Hey, remember when I said I wouldn’t do any end of year lists because they’re arbitrary? I LIED. There are probably loads of cool games from Turkey and Chile I didn’t include on this list, but that’s for some Guardian scribe. You come to this blog for populist schlock, so here we are. I also probably could have stretched this to 8 or something too, but I tried to limit this to games that sort of changed the mainstream football narrative. So, without further ado…
5) USA 4-3 Canada (aet), August 6th
Heyo! This is where the reader discovers this list is entirely subjective. But while this was a semifinal match-up in an Olympic football tournament, this was the most important game in recent memory for Canadian soccer.
First, it cemented Christine Sinclair’s status as a bona fide Canadian sports celebrity with her hat-trick and her post match complaints about the bizarre decisions of referee Christine Pedersen, when she had only previously been the purview of those of us who deeply care about football in this country.
Second, it led to a wave of interest in Canada’s role as a footballing nation, some of which arguably spilled over into the mens side. In the month before the Olympics, I enjoyed the privilege of watching the Canadian mens national team alongside members of the Womens national team. They mingled about largely unrecognized. They would return to Canada in several weeks times as decorated heroes, and a vital part of Canada’s Olympic efforts.
It also sparked a hitherto dormant cross-border footballing rivalry between Canada and the US, and fueled soon-to-be-dashed hopes the Canadian men could rise to the challenge by making it to the Hexagonal stage of CONCACAF World Cup qualifying.
4) Zambia 0-0 Côte d’Ivoire (aet), Zambia win 8-7 on penalties, February 12th
This was the final that capped off a historic African Cup of Nations tournament. Previous iterations had too often involved a cakewalk for Egypt to an almost certain win in the final. This edition provided memorable games, incredible upsets, and lots of videos of players singing together.
But the final, far more compelling than its nil-nil scoreline suggested, was an emotional wallop without match this calendar year. Zambia fought to the final and held off a strong challenge from heavy favourites in the Ivory Coast to win one of the most exciting penalty shootouts in tournament history. Any tournament. And they did it, incredibly, in Libreville, Gabon, mere miles away from where a plane full of the Zambian national team crashed into the ocean in 1993, killing all on board.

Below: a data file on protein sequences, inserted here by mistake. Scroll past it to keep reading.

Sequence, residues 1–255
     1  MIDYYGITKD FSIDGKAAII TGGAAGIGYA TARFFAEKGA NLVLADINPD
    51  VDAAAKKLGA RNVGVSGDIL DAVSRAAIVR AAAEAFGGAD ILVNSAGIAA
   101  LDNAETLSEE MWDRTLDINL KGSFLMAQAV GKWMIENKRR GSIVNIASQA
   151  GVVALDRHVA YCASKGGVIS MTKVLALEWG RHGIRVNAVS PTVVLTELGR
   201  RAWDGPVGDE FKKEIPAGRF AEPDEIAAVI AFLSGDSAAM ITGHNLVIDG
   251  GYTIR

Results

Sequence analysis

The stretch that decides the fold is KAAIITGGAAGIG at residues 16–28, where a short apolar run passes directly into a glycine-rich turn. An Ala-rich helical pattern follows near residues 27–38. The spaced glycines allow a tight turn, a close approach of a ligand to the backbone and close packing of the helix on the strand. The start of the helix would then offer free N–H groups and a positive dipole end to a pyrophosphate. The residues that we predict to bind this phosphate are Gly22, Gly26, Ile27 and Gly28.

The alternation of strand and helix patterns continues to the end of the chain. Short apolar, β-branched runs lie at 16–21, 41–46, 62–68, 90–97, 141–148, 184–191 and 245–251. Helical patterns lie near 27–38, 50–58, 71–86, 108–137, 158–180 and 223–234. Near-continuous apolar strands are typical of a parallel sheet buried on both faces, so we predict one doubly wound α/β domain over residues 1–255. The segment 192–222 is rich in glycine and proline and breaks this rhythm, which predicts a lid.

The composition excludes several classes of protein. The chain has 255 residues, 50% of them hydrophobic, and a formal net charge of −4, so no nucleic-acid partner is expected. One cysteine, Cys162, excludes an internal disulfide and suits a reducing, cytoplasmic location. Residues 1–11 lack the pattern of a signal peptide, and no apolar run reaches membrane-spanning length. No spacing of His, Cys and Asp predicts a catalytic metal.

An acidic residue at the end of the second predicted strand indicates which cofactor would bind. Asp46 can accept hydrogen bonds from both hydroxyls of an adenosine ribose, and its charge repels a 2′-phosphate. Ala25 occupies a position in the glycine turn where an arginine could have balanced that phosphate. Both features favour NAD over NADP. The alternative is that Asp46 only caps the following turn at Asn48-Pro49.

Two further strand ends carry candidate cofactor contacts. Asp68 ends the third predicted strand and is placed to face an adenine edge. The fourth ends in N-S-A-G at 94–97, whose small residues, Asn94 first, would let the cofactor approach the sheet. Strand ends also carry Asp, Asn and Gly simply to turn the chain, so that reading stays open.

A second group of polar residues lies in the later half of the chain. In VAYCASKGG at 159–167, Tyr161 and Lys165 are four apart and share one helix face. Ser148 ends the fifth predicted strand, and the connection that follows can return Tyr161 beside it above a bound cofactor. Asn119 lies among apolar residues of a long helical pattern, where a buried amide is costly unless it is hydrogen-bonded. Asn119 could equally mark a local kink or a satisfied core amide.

As Jonathan Wilson wrote at the time:
For Zambia, though, there was a bittersweet joy, a sense of having done something that transcended sport. Efford Chabala, John Soko, Whiteson Changwe, Robert Watiyakeni, Eston Mulenga, Derby Makinka, Moses Chikwalakwala, Wisdom Mumba Chansa, Kelvin “Malaza” Mutale, Timothy Mwitwa, Numba Mwila, Richard Mwanza, Samuel Chomba, Moses Masuwa, Kenan Simambe, Godfrey Kangwa, Winter Mumba, Patrick “Bomber” Banda, Godfrey “Ucar” Chitalu and Alex Chola were not there last night but the modern-day side built for them the greatest possible memorial.
3) Barcelona 2-2 Chelsea, Chelsea win Champions League semifinal 3-2 on aggregate, April 24th
When John Terry was sent off in the 37th minute for an idiotic knee in the back of Alexis Sanchez, only the most optimistic Chelsea fan would have given the club a chance against Barcelona at the Camp Nou. First, Busquets had wiped out Chelsea’s 1-0 first leg advantage only two minutes before. How many CFC supporters turned the TV off altogether with Iniesta scoring in the 43rd, effectively putting Barcelona through?
Then, things happened. Ramires unlikely chip in the second half. And, incredibly, a solo run for Fernando Torres, which gave us on the greatest moments in football announcing history, courtesy of Gary Neville.
Chelsea would of course famously go on to win the Champions League final against Bayern Munich, in Munich (no less), and Roberto Di Matteo’s legendary status as the ultimate caretaker manager would be sealed. But the semifinal was the moment the solidified the notion of “doing a Chelsea”: conceding possession (72/28), shots (12/4) and shots on target (5/3), and—why not?—an English national team central defender, yet still pulling out a result.
2) Spain 4-0 Italy, July 1st
Italy had completed under Cesare Prandelli an astonishing run to the final, one that included a 2-1 victory over heavy-favourites Germany in the semis. Alternating a three and four man defense, many hoped Prandelli would be able to dethrone a Spain that some felt had succumbed to their own kind of anti-football, passing sides to death before casually killing them off with a decisive goal.
And then, this final. A wonderful, imperious destruction from a Spanish side that finally seemed to provide the kind of football we’d seen so many times before under Barcelona. A first half among the very best Spain had produced in a major tournament, and a final among the best in international football since 1992, one that called to mind Brazil’s 4-1 defeat of Italy in Mexico, 1970.
Most importantly however, this was Spain’s contribution to football history, as the first ever international team to win three consecutive tournaments.
1) Manchester City 3-2 QPR, May 13th
This was one of those “Where Were You When” games. City needing to win in order to secure their first league title since 1968. Down a goal to QPR, with United beating Sunderland, poised to win their 20th Premier League trophy. After having been behind eight points in the table only a month previous. Two extra time goals, including a stunning last ditch strike from Sergio Aguero. That call from Martin Tyler, who intoned definitively, absolutely, without a hint of irony (why would he?) that “we would never see anything like this ever again!”